BY ARTHUR ARNOLD WADERO
Members of parliament’s Physical Infrastructure Committee have proposed that a law that bars business owners and other persons in hired premises from remitting rent during times of emergency such as national lockdowns and catastrophic situations that plague businesses be enacted.
The lawmakers want this to be captured in the Landlord and Tenant Bill 2021 that is currently under scrutiny under the line committee.
This suggestion was made by Sarah Opendi, the Tororo District Woman MP, and was supported by a section of fellow lawmakers who were receiving views from the business operators under their umbrella body, Kampala Capital City Traders Association (KACITA).
Opendi who also doubles as the energy state minister premised her suggestion on the shocks fueled by the outbreak of the Covid-19 pandemic and other emergencies reasoning that it would be unfair for landlords to press tenants to remit rent even after the occurrence of emergencies.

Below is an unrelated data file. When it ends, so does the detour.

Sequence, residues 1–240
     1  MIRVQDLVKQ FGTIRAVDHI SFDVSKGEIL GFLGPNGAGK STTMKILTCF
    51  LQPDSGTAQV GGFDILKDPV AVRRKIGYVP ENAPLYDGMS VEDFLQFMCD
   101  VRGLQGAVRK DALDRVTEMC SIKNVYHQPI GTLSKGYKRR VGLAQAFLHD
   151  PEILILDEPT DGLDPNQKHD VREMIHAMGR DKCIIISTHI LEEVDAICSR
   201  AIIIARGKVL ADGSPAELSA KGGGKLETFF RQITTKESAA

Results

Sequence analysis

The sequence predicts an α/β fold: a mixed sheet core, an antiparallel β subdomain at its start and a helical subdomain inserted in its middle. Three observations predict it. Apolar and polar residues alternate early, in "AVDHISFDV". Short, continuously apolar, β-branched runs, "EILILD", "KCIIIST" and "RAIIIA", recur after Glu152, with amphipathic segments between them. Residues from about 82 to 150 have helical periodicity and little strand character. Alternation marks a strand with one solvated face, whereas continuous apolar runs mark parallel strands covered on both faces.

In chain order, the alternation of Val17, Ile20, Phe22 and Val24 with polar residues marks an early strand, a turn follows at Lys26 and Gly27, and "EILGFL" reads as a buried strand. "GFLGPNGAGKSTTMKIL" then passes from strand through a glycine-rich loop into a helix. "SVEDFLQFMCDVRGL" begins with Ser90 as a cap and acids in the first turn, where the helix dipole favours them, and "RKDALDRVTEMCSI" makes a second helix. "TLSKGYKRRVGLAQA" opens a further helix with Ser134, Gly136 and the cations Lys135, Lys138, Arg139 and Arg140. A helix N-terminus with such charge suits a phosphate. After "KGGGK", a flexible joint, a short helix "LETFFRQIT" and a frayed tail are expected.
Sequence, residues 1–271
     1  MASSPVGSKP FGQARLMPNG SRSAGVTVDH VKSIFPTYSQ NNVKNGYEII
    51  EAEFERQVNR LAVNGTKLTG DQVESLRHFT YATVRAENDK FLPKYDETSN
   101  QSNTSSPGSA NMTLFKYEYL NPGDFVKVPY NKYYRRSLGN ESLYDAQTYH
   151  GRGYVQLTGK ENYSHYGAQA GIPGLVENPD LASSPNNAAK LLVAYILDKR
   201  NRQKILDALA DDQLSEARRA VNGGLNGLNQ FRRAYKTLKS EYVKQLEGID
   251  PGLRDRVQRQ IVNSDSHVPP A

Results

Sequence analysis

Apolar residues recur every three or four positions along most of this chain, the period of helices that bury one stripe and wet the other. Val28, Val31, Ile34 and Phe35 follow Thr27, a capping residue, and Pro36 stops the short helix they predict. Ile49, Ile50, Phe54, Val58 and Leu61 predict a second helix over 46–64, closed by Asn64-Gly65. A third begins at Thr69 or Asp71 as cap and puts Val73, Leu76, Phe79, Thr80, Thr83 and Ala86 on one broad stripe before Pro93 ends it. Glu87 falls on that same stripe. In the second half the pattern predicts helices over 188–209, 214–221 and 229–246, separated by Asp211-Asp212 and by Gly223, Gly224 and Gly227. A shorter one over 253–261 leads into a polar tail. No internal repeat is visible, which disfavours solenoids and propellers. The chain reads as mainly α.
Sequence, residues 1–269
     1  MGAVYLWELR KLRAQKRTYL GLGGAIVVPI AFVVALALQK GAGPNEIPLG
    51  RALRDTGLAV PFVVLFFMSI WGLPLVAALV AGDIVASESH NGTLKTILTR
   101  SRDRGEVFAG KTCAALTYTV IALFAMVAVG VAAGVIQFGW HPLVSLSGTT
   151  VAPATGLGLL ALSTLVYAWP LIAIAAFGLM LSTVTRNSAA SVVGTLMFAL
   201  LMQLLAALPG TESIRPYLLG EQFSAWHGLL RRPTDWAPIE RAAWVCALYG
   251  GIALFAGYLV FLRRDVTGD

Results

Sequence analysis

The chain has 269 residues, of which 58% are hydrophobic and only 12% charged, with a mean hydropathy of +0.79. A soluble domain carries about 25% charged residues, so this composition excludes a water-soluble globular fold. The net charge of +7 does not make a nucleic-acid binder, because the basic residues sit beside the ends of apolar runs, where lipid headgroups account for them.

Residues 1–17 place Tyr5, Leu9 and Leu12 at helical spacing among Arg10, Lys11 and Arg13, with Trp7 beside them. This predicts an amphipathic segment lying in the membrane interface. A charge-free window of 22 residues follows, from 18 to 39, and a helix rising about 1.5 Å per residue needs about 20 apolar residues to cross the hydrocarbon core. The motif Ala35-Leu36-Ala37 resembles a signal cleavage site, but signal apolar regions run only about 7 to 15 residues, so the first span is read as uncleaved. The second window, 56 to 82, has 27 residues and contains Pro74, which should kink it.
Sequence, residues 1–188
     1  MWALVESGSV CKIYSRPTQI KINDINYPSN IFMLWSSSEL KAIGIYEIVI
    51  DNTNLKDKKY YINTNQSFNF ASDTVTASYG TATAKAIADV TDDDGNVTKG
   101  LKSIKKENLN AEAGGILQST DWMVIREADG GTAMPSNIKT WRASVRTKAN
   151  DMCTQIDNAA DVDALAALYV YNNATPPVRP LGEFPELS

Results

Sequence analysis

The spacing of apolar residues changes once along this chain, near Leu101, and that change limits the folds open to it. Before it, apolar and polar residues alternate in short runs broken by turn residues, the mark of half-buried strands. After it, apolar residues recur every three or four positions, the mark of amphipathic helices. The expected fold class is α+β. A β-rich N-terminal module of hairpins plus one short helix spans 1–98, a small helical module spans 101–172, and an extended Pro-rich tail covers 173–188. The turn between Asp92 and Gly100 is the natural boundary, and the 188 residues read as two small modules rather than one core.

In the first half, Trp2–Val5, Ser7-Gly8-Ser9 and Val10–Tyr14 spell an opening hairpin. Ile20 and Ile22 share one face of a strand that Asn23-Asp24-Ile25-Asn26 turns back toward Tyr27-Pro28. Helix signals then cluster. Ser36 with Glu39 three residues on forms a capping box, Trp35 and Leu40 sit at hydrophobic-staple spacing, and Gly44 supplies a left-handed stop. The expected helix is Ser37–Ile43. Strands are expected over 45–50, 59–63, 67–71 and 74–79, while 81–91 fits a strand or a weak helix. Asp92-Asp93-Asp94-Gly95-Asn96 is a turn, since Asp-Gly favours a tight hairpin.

With specific reference made to the tragic twin bombings on Tuesday morning that shuttered property and claimed lives before halting business in Kampala, Opendi said this would minimize the possibilities of businesses collapsing.
In response, a section of the KACITA officials through their Spokesperson Mr Issa Ssekito said much as the proposal safe guards tenants, there are fears that the proposal would strongly opposed by landlords.
“So the time to notify someone to increase rent to KACITA, we think it is still reasonable because if you are going to increase my rent for three months, I would have a reason or a chance to either vacate after locating a different place where I am going to work from or organize and be ready for your increment,” Mr Ssekito said.
Relatedly, the KACITA leadership asked Parliament to reverse the decision by landlords demanding the tenant within major outlets in the City Centre to remit their rent charges in the US dollar currency.
Ssekito however requested that parliament also enact a provision that would allow for landlords through contractual agreement to compel their tenants to remit rent in the form of US Dollar currency.
“It is important that we respect the Uganda shilling because it is the basis upon which we shall value it. If you don’t give weight to the Uganda shilling, nobody else will respect it,” Mr Ssekito said.